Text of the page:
These questions will guide class discussion as we begin to compare and contrast student answers. The answers the students provide will also provide a framework of what the students know and understand about what it means to be a citizen of the United States. At the completion of this unit, I would like my students to have a renewed pride in the adults they are becoming. I also hope that by personalizing the African American struggle for citizenship, they will gain an appreciation for the value and importance of the Constitution. They should also be able to use this unit as the foundation for the work they will have to complete in order to be successful while taking the advance placement exam.
I have been a teacher at George Wythe High School for three years. This upcoming school year will be my fourth year teaching the Advance Placement Government and Politics class. Our district is in the process of building our Advance Placement program. We offer four to five Advance Placement classes each year. Usually the students enrolled in the class are taking at least one other Advance Placement class. Any student who shows interest in taking the class, has the opportunity to do so. However, because it is a government class, there usually is not that much interest. The class requires a lot of reading. The class is taught as a survey class and the students are required to take a comprehensive exam in May. The May exam is graded by teachers from across the country and they are graded on a five point scale. Students who receive a 3 or above, depending on the school they attend, can receive college credit. The average class size is approximately twenty students. All students who are enrolled in the class, are not always headed to college after graduation. The course however, is taught with the intention that all will attend college. Only seniors are enrolled in the class. There is no formal assessment that is given to determine ability and eligibility, although student ability varies. Despite this variation, all students are capable of successfully completing the course.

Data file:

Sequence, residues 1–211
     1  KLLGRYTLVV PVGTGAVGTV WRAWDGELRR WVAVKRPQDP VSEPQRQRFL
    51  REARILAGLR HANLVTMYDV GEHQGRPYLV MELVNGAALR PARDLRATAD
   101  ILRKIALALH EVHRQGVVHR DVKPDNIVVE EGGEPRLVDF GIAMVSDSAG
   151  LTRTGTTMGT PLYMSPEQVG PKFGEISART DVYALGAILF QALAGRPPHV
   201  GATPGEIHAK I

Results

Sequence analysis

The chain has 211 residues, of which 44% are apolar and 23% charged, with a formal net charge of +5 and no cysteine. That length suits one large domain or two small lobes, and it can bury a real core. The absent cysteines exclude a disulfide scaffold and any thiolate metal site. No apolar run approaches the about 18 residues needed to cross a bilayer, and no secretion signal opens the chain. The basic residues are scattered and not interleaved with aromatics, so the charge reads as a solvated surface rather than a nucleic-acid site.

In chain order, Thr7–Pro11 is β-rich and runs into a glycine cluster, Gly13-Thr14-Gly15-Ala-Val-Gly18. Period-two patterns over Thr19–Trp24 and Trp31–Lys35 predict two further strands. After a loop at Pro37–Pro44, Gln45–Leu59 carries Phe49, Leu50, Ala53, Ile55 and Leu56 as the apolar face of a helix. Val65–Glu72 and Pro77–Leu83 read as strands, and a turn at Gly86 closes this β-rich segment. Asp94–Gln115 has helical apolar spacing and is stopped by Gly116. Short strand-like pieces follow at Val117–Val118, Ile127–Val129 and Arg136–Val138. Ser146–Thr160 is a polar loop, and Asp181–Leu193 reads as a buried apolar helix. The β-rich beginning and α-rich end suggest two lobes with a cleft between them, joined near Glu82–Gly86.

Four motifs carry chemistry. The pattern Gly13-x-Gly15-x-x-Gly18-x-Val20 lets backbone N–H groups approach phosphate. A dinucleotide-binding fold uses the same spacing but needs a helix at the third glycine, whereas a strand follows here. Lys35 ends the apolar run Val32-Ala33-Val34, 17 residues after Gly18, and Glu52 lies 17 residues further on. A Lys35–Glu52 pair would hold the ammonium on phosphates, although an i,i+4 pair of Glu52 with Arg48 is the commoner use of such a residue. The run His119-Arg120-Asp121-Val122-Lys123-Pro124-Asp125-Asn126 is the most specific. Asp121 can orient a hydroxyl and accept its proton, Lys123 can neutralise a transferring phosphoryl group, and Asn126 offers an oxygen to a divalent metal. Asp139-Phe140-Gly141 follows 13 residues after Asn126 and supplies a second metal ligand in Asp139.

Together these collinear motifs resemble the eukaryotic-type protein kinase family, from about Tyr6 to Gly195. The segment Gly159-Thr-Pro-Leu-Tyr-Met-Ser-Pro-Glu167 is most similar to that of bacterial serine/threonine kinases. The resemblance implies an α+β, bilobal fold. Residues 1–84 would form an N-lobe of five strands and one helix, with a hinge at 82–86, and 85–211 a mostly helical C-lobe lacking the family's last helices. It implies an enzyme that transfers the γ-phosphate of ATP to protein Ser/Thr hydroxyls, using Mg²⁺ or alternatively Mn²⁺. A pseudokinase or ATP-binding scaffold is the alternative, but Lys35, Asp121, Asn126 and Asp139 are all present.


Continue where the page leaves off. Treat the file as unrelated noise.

Although students will need to be familiar with all of the amendments to the Constitution, for this unit it is important that students know the Thirteenth, Fourteenth, and Fifteenth Amendments. In order for students to understand what it means to be an (African) American citizen, they must recognize the Constitution as the foundation upon which their citizenship is based. After the completion of the initial class discussion of what it means to be an African American citizen, I would like for my students to read the three amendments. Through group discussion, I want them to recognize three important facts: 1. In the Thirteenth Amendment, the institute of slavery no longer exists in the United States. 2. Under the Fourteenth Amendment, being born (or naturalized) in the United States makes you a citizen of the United States and no law can be passed depriving a citizen of their rights of life, liberty or property without due process of the law. And as citizens, their rights are protected under the law. And 3, the right to vote (for men), could not be denied because of race, color or because you (or ancestors) were slaves. I want my students to make the connection that the United States Constitution includes and protects them. It they can understand and accept the constitution as a document that applies to them, hopefully, learning and understanding about the creation of the government will help them as they identify and understand important facts, concepts, and theories pertaining to U.S. Government and Politics